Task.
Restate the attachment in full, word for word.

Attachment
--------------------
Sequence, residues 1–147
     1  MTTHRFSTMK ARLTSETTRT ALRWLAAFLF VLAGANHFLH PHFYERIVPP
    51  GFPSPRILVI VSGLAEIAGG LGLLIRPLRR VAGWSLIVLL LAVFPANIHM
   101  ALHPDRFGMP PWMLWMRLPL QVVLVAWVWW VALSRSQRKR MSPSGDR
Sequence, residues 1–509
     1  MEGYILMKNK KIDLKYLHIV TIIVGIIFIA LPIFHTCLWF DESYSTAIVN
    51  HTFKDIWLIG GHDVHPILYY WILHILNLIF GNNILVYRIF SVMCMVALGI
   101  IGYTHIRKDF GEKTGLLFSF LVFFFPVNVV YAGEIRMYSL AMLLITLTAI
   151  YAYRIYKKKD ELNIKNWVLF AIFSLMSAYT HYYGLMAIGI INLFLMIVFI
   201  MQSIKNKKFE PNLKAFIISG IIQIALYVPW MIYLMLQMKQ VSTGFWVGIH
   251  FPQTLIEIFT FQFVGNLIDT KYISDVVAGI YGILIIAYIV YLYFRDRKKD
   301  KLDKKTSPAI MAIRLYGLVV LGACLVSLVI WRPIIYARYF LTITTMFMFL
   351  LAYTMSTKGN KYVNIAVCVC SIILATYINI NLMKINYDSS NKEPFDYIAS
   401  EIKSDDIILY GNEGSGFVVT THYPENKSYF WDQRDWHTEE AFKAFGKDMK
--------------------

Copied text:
Sequence, residues 1–147
     1  MTTHRFSTMK ARLTSETTRT ALRWLAAFLF VLAGANHFLH PHFYERIVPP
    51  GFPSPRILVI VSGLAEIAGG LGLLIRPLRR VAGWSLIVLL LAVFPANIHM
   101  ALHPDRFGMP PWMLWMRLPL QVVLVAWVWW VALSRSQRKR MSPSGDR
Sequence, residues 1–509
     1  MEGYILMKNK KIDLKYLHIV TIIVGIIFIA LPIFHTCLWF DESYSTAIVN
    51  HTFKDIWLIG GHDVHPILYY WILHILNLIF GNNILVYRIF SVMCMVALGI
   101  IGYTHIRKDF GEKTGLLFSF LVFFFPVNVV YAGEIRMYSL AMLLITLTAI
   151  YAYRIYKKKD ELNIKNWVLF AIFSLMSAYT HYYGLMAIGI INLFLMIVFI
   201  MQSIKNKKFE PNLKAFIISG IIQIALYVPW MIYLMLQMKQ VSTGFWVGIH
   251  FPQTLIEIFT FQFVGNLIDT KYISDVVAGI YGILIIAYIV YLYFRDRKKD
   301  KLDKKTSPAI MAIRLYGLVV LGACLVSLVI WRPIIYARYF LTITTMFMFL
   351  LAYTMSTKGN KYVNIAVCVC SIILATYINI NLMKINYDSS NKEPFDYIAS
   401  EIKSDDIILY GNEGSGFVVT THYPENKSYF WDQRDWHTEE AFKAFGKDMK